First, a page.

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Giving editors even more control

Superdesk in action
Superdesk in action

We promote Superdesk as a newsroom, or the digital expression of a physical newsroom. Journalists using it like the control it gives them over their workflows; being able to create desks on the fly for special events or big breaking news ­all without having to call IT. So far, so good. But that was yesterday's news.

We work with journalists, so knew that they’d like to create bespoke trims, stylings and finishes, too. Okay, so that pushes the furniture metaphor too far: what we mean is that journalists should be able to define and edit content structure.

That’s why we are excited to share the second-ever public release, and the first stable release candidate version: Superdesk 1.0 rc1.

Since our last release, 1.0 beta1, we placed our focus on making Superdesk more stable and reliable. This Superdesk release fixes bugs (natch), beefs ­up the advanced search functions and much more. The much more is probably more interesting to devs than to journalists. (Those interested should head to GitHub and nose around.)

Here are some of the highlights of the release:

  • Content profiles management
  • Data updates and schema migration
  • Improved Content Editor

Content profiles management

Superdesk 1.0 rc1 introduces content profiles management, an easy-to-use user interface that allows you to create and edit content profiles. A content profile in Superdesk is the definition of the structure for a news item.

Suppose your newsroom writes different types of stories: flashes, long-form, regular articles, etc. A flash would consist of a very simple piece of content with a headline and a body; it would not contain a lot of metadata. The content is sent out to consumers to quickly alert them about certain events. On the other hand, long-form stories are composed of rich metadata and several content fields: headline, abstract, featured media (image, video) and body. With the new content profiles management your newsroom can define these profiles easily.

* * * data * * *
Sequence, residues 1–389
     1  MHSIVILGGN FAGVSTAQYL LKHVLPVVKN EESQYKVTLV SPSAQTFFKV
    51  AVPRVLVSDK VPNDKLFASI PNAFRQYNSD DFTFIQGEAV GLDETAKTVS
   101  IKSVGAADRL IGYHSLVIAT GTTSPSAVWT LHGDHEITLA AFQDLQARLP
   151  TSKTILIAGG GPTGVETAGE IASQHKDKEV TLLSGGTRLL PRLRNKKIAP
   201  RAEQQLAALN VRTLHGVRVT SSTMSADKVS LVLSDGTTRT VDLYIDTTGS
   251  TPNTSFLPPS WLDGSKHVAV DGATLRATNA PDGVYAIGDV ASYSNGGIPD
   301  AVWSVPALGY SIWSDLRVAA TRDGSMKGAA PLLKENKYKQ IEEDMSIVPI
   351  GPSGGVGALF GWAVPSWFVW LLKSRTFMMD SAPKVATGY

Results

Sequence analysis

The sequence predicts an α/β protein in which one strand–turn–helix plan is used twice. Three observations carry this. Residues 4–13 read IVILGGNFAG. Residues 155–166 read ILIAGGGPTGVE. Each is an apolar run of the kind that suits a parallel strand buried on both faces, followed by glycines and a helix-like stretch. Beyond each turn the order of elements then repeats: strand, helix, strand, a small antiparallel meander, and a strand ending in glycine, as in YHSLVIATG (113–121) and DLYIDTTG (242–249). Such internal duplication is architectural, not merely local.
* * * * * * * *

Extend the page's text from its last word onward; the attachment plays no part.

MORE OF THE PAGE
You can set minimum and maximum values for headlines, captions and any text fields - and determine which format options are available for each one. You can state whether these fields are necessary for validation, or merely optional. Such attributes may be defined for each content profile.

In a simple example, let’s say that one type of text­ and ­image story has a headline of 80 characters, a secondary strap of 180 characters with byline underneath, a picture of 800px by 600px, and body text. Let’s say that this recipe isn’t quite suited to what editorial, or a customer, wants to do with a certain style of article.

They want a picture of 750px by 450px. Also, they want to increase the headline ­count maximum to 120 characters, tweak the strap, perhaps add a video, and the byline needs to be at the end of the text rather than under the headline — you get the drift. This means altering the skeletal structure on which the content is laid out, the data schema.